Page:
Monday, February 23, 2009

So long, and thanks for all the washcloths.

My student Mayu is quitting English lessons after three years because she's getting older and starting cram school. Cram school takes a lot of time. I'm not offended, because I know that she loves me and that her mom likes me too. She came in a shy little mouse, not knowing any English at all, and now she's so awesome, reading and writing with confidence and ease. She's refused to have any other teacher as long as she's been at the school, and her mom has more than once expressed her appreciation. Sometimes kids quit, and they give a reason to be nice, like they're starting baseball or are busy with other things. Really, they aren't happy with the lessons or the school for some reason and want to quit. I don't think that's the case with Miss M.

So her mom came in the other day and told me that Mayu will be quitting after one more lesson. She gave me her sincere thanks and etc., then gave me a small package, giving me the standard line for giving a small gift like this: "kimochi dake", or "It's just my feeling". There's probably a better way to translate that, but there it is, literally.

Later I opened it, and inside was a Burberry washcloth. This isn't the first time I've received a gift like this, and I know what it's supposed to represent: it's a small, but posh, token of thanks. It's just a washcloth (which most women and some men carry around at all times to, like, dry their hands after using the washroom), but it's an EXPENSIVE washcloth. A designer washcloth.

Still, I can't help thinking...
"It's just my feeling... that you should wipe your nose."
"It's just my feeling... that you should wash your face."
"It's just my feeling... that you should, you know, CLEAN yourself more."

Tuesday, February 17, 2009

hugger mugger

I picked up this awesome phrase from Norman Lewis, in the excellent The Tomb in Seville. What a lovely book! He was in his nineties when he wrote it, and it happened in the '30s. It means chaotic hustle and bustle, or, alternately, secrecy and hush-hush.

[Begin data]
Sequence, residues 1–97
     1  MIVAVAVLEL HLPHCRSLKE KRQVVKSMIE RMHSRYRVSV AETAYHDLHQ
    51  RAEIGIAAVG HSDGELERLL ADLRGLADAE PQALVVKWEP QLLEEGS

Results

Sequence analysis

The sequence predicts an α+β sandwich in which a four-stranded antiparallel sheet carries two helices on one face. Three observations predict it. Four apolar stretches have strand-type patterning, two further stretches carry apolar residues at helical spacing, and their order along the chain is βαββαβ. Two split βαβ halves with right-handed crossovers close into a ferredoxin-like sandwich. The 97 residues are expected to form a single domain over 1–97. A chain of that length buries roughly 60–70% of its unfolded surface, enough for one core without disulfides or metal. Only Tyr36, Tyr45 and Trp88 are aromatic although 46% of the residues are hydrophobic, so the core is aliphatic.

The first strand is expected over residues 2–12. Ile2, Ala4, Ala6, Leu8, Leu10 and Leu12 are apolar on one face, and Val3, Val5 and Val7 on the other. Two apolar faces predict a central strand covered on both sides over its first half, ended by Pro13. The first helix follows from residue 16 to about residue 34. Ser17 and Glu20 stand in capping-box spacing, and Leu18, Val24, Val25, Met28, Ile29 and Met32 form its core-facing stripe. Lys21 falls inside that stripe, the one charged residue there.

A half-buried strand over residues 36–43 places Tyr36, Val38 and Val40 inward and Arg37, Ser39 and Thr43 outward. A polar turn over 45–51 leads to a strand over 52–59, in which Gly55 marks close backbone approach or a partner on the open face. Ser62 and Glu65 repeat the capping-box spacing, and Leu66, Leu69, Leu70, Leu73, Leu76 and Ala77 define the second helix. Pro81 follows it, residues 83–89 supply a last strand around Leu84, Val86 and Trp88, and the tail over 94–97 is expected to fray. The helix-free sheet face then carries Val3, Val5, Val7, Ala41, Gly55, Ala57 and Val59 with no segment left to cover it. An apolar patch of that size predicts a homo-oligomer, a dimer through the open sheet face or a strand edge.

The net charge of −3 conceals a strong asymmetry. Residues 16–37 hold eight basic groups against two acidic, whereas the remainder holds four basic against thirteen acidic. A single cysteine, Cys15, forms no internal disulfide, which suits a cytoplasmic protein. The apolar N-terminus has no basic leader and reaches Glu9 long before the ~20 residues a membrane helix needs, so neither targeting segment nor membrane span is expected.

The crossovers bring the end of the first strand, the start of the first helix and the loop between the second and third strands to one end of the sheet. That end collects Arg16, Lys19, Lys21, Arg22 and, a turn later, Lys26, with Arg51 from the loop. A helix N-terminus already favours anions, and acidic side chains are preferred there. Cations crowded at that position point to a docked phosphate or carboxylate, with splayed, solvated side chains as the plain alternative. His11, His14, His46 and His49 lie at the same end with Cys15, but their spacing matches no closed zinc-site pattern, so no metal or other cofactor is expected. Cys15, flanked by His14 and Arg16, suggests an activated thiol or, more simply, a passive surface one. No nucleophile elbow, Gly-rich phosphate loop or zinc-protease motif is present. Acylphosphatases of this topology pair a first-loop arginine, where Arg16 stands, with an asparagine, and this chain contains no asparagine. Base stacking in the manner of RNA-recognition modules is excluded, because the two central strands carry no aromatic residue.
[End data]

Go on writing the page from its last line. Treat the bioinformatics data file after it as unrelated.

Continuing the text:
Sunday, February 08, 2009

In memory of needles

Today is harikuyou (針供養), or memorial day for needles. It doesn't seem to be a well-known holiday, as several folks that I've mentioned it to have never heard of it. It's a day for people to take their broken needles and put them in a block of tofu, then have a memorial service for them at the temple. It seems like it's a holiday for craftspeople, like tailors and seamstresses, who want to honor the service that their tools have given them.

Thursday, February 05, 2009

books all around

Swap your books at

I belong to the awesome bookmooch, a free book trading service that lets you give your read books away for points, then lets you spend the points on books others are giving away. Recently, I was mooched by the Quezon City library, in the Philippines, which is trying to increase its supply of foreign language books for the benefit and enjoyment of the locals. The library used points to "buy" my books, but since it was such a great cause, I sent them the books and also sent the points back to them.

The Quezon City library is only one of many charities listed on bookmooch that people can give points or books to.

I love this service; it combines a few of my favorite things, namely: reading, the post office, and reusing/trading rather than buying new things. Mooch on!

Tuesday, February 03, 2009

take their eyes out

Today is Setsubun, or the last day before spring. On this day, it's customary in Japan to throw soybeans out the window of your home, shouting "oni wa soto, fuku wa uchi" (鬼は外、福は内), or "demons out, good luck in!" I guess the demons are lured out by the food, like a magical mousetrap. Another theory says that by pitching the beans out, you're blinding the imps, keeping them from being able to see their way in.

I didn't have any soybeans around, so I used dry kidney beans. I hope demons like kidney beans.